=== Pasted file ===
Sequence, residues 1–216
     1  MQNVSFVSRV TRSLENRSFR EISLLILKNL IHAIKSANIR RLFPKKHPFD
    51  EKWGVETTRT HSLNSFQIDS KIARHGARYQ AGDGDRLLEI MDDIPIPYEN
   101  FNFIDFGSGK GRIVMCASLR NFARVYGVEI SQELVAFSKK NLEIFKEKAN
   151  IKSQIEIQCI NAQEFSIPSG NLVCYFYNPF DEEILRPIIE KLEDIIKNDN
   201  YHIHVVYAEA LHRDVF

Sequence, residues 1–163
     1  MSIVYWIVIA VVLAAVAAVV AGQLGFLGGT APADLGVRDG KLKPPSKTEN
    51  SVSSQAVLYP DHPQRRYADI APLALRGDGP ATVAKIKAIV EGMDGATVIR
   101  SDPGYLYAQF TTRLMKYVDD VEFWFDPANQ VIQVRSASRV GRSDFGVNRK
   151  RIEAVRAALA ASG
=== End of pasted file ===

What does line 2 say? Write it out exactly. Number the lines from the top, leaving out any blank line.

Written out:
     1  MQNVSFVSRV TRSLENRSFR EISLLILKNL IHAIKSANIR RLFPKKHPFD